Spring 2022

Course Code Title/Instructor Meets
LAWP 230-01 Negotiation and Advocacy
Instructor: Edward Guido
Course Description:
This course will focus on the role of the advocate in the law and policy-making process. It will consider various types of advocacy (public debate, litigation, public relations, etc.) and various methods of negotiation as well as compare and contrast the advocate's role in different forums (legislatures, courts, administrative agencies, the press, etc.). Prerequisites: POSC 120 or permission of the instructor.
03:00 PM-04:15 PM, MR
DENNY 110
LAWP 259-01 Law, Politics, and Society in Asia
Instructor: Neil Diamant
Course Description:
Cross-listed with EASN 259-01 and POSC 259-01. This course examines the interaction between law, legal institutions and citizens in China, Japan, and India. Covering history and the contemporary scene, course focuses on how law works in practice and is understood and used by ordinary people in Asia. It covers areas such as marriage and divorce, the legal profession, lost property, civil rights, the environment, sexuality, mediation, land development and property, among others. Comparisons between the United States and Asia, as well as between Asian countries, will be emphasized. This course is cross-listed as POSC 259 and LAWP 259. This course is cross-listed as EASN 259 and POSC 259.
10:30 AM-11:45 AM, TR
STERN 103
LAWP 260-01 Problem-Solving Courts
Instructor: Albert Masland
Course Description:
Through a hands-on, experiential examination of traditional courts, treatment courts, and addiction issues, this course will introduce the students to the use of problem-solving courts to address drug, DUI, and mental health concerns. A major course component will involve community-based learning. Students will be required to interact with court participants and members of the various problem-solving court teams (e.g., judges, attorneys, probation officers, treatment providers as well as other support specialists, depending on the courts focus). As the students become familiar with one component of the war on drugs, they will be challenged to examine and debate the war as a whole.
04:30 PM-05:45 PM, T
DENNY 317
09:00 AM-10:15 AM, R
DENNY 103
LAWP 290-01 Law and American Society
Instructor: Kathryn Heard
Course Description:
Cross-listed with POSC 290-03.Permission of Instructor RequiredNOTE: Students who HAVE taken POSC 220 or 221 need permission of instructor to enroll. This course introduces students to the politics of law. In the first half of the course, students will acquire the historical and theoretical background necessary to think analytically about contemporary controversies in constitutional law. We will consider the relationship between law and violence in a democracy, the drafting of the US Constitution as well as the debates concerning its ratification, the arguments for and against the practice of judicial review, and the theories of constitutional interpretation. In the second half of the semester, students will put this knowledge into practice as we engage with several significant constitutional debates on matters like: equal protection, property ownership, sexual conduct, free speech, the separation of church and state, privacy, reproductive health, affirmative action, capital punishment, gun ownership, voting rights, and campaign finance. By the end of the semester, students will be better able to make sense of legal arguments, especially those rendered by the Supreme Court, and to interpret those arguments in relation to broader trends in American politics and culture.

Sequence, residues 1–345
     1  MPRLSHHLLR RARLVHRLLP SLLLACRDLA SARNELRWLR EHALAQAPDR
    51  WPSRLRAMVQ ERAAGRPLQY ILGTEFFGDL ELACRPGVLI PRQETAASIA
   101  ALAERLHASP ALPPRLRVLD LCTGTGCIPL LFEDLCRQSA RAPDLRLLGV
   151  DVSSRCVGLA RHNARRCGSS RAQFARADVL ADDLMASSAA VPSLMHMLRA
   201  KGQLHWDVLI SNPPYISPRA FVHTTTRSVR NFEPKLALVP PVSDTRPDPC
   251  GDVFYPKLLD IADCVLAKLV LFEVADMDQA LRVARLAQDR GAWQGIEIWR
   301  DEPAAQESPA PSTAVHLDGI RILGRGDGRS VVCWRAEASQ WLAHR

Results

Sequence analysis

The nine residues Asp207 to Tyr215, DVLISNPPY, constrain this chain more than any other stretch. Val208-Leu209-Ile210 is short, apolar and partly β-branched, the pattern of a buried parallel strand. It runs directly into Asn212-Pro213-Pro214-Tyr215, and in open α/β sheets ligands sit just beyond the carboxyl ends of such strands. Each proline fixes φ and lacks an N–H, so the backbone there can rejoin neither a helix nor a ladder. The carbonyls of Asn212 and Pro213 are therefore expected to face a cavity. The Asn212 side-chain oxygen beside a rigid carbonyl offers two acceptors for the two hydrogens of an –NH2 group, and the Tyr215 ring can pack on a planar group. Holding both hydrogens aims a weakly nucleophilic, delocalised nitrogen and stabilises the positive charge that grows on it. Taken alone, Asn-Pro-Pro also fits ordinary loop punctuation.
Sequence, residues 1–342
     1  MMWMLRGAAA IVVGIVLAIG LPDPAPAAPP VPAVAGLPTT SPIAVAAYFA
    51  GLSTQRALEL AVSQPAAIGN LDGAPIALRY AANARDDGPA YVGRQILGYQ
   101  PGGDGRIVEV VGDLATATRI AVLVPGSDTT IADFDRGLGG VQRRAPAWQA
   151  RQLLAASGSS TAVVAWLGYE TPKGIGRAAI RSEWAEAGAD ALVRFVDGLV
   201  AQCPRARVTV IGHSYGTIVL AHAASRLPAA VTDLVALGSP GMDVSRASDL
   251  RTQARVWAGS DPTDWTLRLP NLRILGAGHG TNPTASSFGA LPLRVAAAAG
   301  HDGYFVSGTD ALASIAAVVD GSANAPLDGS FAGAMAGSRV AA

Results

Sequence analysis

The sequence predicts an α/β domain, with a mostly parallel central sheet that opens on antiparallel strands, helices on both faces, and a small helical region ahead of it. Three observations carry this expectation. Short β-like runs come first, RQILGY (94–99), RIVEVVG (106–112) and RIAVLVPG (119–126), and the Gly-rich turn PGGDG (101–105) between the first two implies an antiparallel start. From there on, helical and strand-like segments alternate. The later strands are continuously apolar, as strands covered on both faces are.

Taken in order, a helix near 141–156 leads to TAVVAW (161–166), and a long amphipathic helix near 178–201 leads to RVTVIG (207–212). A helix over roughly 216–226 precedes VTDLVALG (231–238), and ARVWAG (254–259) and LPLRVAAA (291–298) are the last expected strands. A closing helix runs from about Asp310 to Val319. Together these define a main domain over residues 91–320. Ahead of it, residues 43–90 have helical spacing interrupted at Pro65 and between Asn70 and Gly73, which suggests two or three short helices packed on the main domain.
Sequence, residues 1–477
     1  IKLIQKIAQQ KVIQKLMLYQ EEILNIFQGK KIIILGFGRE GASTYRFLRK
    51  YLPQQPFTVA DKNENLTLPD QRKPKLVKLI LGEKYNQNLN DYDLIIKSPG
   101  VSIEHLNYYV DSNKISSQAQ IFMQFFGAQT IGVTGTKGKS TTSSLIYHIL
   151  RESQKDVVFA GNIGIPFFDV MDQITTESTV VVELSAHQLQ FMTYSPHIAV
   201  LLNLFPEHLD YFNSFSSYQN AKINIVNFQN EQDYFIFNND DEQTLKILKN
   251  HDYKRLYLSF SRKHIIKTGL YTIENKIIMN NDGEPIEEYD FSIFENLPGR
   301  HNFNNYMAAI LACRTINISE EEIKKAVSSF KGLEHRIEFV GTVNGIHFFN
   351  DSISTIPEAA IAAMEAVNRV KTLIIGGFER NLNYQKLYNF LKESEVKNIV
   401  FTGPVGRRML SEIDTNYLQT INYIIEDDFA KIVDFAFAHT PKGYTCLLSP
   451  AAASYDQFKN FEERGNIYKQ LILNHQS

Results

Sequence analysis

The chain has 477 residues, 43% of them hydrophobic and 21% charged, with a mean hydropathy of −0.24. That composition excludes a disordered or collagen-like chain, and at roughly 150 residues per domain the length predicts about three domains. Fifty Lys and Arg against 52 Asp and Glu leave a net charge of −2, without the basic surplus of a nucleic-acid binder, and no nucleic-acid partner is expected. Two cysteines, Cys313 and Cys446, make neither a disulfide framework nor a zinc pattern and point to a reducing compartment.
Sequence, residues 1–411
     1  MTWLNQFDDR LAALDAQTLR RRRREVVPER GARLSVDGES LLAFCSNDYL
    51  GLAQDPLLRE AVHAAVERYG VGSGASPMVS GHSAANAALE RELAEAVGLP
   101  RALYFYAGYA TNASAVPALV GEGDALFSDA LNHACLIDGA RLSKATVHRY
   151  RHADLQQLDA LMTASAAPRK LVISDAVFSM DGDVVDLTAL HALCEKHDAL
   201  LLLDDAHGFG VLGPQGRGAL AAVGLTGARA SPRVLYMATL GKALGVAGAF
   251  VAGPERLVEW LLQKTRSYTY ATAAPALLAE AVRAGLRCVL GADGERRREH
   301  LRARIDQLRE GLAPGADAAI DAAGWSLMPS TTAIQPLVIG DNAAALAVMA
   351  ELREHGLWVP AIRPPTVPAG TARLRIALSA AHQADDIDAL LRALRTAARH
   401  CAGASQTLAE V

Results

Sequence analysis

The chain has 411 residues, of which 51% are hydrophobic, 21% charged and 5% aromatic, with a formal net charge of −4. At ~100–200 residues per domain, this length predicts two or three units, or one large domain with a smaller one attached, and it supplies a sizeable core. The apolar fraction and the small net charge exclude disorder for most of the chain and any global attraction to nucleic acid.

10:30 AM-11:45 AM, TR
DENNY 313
LAWP 290-02 Capital Punishment
Instructor: Kathryn Heard
Course Description:
Cross-listed with POSC 290-04 and PHIL 261-02.Permission of Instructor Required This course examines the historical and contemporary practices of capital punishment in the United States. Indeed, the United States is one of the few constitutional democracies that retains the punishment of death for criminal wrong-doing, despite the efforts made by some Supreme Court Justices to abolish the machinery of death in the American legal system and the pressure placed on federal and state governments by foreign nations to formally abolish its use. This course considers: Why does the state claim the authority to kill its citizens and how does it justify this authority? How has capital punishment in the United States changed over time, such that the modern promise of a painless death endeavors to legitimate its continuation? How do race, gender, class, religion, disability, and location impact who is subjected to the death penalty and for what crimes? What ethical arguments can be made for and against the use of capital punishment as a criminal sentence, from the perspectives of the condemned as well as the victim? Is it even possible to execute an individual in a manner that is just? These questions and more will be taken up as we move through a rich combination of political philosophy, legal cases, and works of socio-legal analysis.
01:30 PM-02:45 PM, MR
DENNY 313
LAWP 500-01 Capital Punishment: Effects on Trial Advocacy and Case Outcomes
Instructor: Albert Masland
Course Description:

Courses Offered in PMGT
Course Code Title/Instructor Meets
PMGT 220-01 Biomedical Ethics
Instructor: Amy McKiernan
Course Description:
Cross-listed with PHIL 220-01. A study of ethical issues arising in the context of medical practice, biomedical research, and health related policy making, with focus on the ethical concepts, theories and reasoning methods developed to clarify and resolve these issues. This course is a Health Studies elective Prerequisite: One previous course in philosophy, or LPPM 200, or permission of instructor. This course is cross-listed as PHIL 220.
09:00 AM-10:15 AM, TR
DENNY 304